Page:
The present retrospective study was unable to classify participants’ glycaemic profiles as pre-gestational or gestational diabetes, even though one of the exclusion criteria was self-reported diabetes before pregnancy because the investigators did not have access to the blood glucose levels at the onset of pregnancy. Some of the participants might have been unaware that they had pre-gestational hyperglycaemia. This uncertainty becomes even more significant when one considers that, according to IADPSG recommendations, HbA1c levels over 6.5% should be viewed as pre-gestational diabetes .
Another limitation of the present study might derive from the lack of monitoring of the participants’ weight gain during pregnancy. The pattern of weight gain during this stage of life directly influences foetal development. Insufficient weight gain might be associated with a predisposition towards intrauterine weight restriction, whereas excess weight is related to occurrence of macrosomia . Finally, another methodological difficulty of this investigation refers to the nonrepresentativeness of the sample for the universe of pregnant women in the municipalities investigated, since the study was hospital based with a convenience sample. This sample aspect implies in the reduction of the external validity of the research, since its results cannot be generalized to other localities, without due care. These characteristics could have biased the measurements as a result of the presence of unmeasured confounders.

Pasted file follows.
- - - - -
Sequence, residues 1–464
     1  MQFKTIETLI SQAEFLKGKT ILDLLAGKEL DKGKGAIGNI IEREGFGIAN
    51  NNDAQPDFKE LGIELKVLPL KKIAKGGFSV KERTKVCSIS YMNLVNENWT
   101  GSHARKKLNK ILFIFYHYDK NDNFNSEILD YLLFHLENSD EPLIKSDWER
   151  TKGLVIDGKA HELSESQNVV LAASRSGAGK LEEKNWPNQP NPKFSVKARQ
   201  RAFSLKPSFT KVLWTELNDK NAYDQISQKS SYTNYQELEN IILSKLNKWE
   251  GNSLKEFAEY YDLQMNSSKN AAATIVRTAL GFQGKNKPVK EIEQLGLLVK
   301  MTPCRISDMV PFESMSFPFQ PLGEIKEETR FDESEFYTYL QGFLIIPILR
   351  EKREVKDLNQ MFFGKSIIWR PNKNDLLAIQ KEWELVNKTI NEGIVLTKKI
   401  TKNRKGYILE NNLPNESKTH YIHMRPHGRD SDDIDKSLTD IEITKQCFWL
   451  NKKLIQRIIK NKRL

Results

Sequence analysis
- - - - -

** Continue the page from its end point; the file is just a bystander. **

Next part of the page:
No association was found between elevated maternal glycated haemoglobin and LBW. Although the findings do not reveal maternal hyperglycemia as a risk factor for low birth weight, signaling that the effect of the exposure studied is macrosomia, contributes to the consolidation of the previous hypothesis and contrary to that one verified in this study .
Thus, this work confirms the need for greater glycemic monitoring , from the beginning of gestation, for a woman whose fetus has been suspected of macrosomic growth, in order to reduce the innumerable complications associated with this fetal event, which do not increase risks only for newborns , but also maternal complications.